In July 2020, we were delighted to be part of a team that was awarded ODI Stimulus Fund money to develop an open data standard for public information about recycling in the UK. This has since developed into the Innovate UK-backed Plastics Packaging Portal, which will combine two waste standards. Dsposal is still collaborating with us on this work, and here data research intern Jamie Dumayne and CIO Tom Passmore explain how their work on visualising Household Waste Recycling Centres has developed.
After getting a map of Wales’ Household Waste Recycling Centres (HWRCs) to a suitable level of quality, detailed in our last blog, it was time to move on to making maps of recycling sites in England, Northern Ireland and Scotland.
We used the same process for creating these maps as discussed in our last two posts – so each map shows the driving distance to every HWRC – where the blue polygons represent a five-minute drive, green is 15-minutes and pink shows a 30-minute drive.
The maps of Scotland and Wales are very similar, where rural areas have relatively poor local recycling services, while urban areas are mostly never more than 15 minutes from a HWRC. On the Scottish map, you can clearly see the ‘central belt’ of Scotland, where most people live, just looking at the locations of HWRCs.
Compared with the previous two nations, Northern Ireland seems to have much higher coverage of HWRCs. This trend will be interesting to look at again when the maps contain population density data too.
Creating the map of England was a significant undertaking – it took around a week to collect all of the data. That’s because England has 664 HWRCs, the code takes 12 minutes to calculate the three driving distances for each HWRC, so that adds up to 5.53 days of continuous computing time.
We also ran into an issue with England’s HWRCs because some waste authorities here appear as separate entities, but in reality they’ve been merged into one larger waste authority. This was a problem in London, Manchester and Merseyside. The issue was fixed by getting the correct waste-authority borders.
Comparison of recycling in the UK
We’ve seen how HWRC coverage differs between the four countries on a map, but we wanted to see how the actual figures compared for recycling in the UK. On the maps, it looks like England and Northern Ireland have significantly better coverage than Wales and Scotland. But is this true?
Unfortunately, we don’t have population density data yet, so we had to take a different approach to answering this question. A quick litmus test would be to see the number of HWRCs per 100,000 people in each nation.
To do this, we sourced population data from the Office for National Statistics’ mid-2020 population estimates survey.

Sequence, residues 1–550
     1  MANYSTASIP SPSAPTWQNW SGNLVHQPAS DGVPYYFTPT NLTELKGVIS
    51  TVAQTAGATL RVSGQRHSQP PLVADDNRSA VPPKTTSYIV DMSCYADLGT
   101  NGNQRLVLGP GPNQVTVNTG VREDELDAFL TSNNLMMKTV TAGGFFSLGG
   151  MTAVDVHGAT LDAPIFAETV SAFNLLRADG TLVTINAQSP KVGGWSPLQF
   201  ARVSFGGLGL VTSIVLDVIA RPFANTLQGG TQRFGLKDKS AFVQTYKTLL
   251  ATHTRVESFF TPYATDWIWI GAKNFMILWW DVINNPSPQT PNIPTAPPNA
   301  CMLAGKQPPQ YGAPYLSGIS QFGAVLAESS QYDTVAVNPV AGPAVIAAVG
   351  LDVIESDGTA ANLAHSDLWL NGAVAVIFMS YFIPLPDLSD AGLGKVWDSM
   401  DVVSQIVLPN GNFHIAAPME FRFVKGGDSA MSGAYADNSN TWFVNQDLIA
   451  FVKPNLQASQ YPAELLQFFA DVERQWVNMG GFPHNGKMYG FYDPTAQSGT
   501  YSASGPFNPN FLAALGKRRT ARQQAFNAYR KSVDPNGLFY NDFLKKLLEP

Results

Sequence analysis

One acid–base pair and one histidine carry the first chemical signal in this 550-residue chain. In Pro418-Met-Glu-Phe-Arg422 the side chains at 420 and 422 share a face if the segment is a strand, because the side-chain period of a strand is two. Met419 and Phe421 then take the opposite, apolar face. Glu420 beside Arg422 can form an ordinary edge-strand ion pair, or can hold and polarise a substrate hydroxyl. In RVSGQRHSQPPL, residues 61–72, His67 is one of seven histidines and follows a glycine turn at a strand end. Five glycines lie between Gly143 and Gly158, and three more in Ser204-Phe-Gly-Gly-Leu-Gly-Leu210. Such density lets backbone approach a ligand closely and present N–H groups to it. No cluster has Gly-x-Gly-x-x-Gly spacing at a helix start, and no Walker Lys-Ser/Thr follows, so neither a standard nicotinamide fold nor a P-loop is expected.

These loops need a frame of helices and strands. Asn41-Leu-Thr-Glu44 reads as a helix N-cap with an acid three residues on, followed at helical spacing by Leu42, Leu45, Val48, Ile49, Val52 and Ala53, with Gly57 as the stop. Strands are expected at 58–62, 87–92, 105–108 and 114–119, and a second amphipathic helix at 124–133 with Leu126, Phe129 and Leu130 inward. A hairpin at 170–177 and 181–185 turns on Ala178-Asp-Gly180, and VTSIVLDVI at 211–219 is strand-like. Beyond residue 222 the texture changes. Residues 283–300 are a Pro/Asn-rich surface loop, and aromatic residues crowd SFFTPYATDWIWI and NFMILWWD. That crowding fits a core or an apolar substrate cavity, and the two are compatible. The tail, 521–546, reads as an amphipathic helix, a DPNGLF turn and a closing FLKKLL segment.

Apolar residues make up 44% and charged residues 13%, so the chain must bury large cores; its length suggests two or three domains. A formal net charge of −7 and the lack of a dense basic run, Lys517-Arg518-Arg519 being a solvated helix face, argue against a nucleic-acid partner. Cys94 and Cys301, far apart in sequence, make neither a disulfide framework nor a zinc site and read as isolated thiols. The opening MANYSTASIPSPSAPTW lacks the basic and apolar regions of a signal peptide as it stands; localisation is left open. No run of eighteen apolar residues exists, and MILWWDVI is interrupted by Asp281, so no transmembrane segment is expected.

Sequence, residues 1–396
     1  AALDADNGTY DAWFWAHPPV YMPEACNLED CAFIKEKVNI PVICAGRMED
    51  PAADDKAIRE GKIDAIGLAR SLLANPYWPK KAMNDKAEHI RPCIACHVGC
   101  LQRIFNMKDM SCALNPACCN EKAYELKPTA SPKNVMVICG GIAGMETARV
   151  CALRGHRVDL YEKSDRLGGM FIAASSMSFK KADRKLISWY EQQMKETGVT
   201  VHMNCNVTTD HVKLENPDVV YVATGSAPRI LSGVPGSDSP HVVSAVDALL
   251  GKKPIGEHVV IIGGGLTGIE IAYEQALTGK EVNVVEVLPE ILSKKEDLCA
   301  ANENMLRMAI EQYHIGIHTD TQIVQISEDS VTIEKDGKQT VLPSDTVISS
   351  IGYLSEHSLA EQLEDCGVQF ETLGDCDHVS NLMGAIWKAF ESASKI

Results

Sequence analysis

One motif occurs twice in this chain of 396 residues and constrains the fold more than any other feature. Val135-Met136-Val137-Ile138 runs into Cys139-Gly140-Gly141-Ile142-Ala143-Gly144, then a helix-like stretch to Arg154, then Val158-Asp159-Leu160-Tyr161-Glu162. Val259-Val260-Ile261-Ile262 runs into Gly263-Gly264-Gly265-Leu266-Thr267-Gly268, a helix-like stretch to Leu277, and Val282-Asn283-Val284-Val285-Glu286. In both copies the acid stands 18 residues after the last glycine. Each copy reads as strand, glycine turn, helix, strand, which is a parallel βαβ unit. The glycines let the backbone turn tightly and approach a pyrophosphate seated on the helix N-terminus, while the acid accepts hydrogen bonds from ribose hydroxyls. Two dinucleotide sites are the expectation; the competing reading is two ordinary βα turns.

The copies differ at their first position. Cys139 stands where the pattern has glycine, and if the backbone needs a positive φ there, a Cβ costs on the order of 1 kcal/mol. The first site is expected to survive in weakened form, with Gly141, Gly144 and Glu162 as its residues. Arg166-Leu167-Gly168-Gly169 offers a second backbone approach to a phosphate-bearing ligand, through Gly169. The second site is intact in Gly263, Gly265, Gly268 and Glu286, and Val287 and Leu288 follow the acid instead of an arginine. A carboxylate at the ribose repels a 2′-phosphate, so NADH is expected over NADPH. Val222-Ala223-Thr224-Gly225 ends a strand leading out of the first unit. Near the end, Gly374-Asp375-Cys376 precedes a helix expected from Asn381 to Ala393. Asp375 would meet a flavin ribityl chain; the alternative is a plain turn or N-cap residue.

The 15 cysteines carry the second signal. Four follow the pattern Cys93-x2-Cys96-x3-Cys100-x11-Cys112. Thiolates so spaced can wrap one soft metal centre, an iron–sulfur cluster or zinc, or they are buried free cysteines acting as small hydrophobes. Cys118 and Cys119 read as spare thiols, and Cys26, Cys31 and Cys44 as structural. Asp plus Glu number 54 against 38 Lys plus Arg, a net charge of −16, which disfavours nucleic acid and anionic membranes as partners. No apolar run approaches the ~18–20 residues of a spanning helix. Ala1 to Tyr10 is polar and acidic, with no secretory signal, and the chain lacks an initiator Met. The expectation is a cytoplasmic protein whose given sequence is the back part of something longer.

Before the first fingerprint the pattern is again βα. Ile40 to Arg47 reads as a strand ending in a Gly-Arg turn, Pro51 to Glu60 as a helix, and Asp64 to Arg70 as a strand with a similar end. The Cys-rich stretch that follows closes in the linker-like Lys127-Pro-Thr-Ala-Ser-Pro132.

Changing the map-making process
A change we made behind-the-scenes made making these maps significantly easier. For the Wales map, the driving-distance polygons were calculated and added to the map within the same script. This would take approximately six hours. It would then take nine hours to make the map of Northern Ireland.
But as mentioned previously, England and Scotland have significantly more HWRCs, meaning this style of working would not be possible.
So instead, a selection of HWRCs would have their driving distances calculated, then saved, then repeated for the next selection of HWRCs until all of them were complete. The saved driving-distance polygons were then imported into a different script and plotted onto the map.
This meant the computer did not have to be left running around the clock. It also meant that if something went wrong with the code, then only a small chunk of data would have to be recalculated, rather than the entire map.
What’s next for recycling in the UK?
When expanding a process to include more data, there are always problems. When making the maps of England and Scotland, there were some HWRCs that didn’t produce driving-distance polygons. This wasn’t spotted until we had made the full map.
An example of this is the Isle of Arran, where the five-minute and 15-minute driving distances were calculated, but the 30-minute polygon wasn’t. We will need to go through these locations to find out why they didn’t work and fix them.
The next step for the maps would be to add in data from other sources to give us an even better understanding of recycling in the UK. The main place we want to start is to add population data to the map, so we can see how the driving distance from a HWRC compares with where the population is located.
Here’s the final blog in this four-part series, which talks about how we added population estimates to our maps.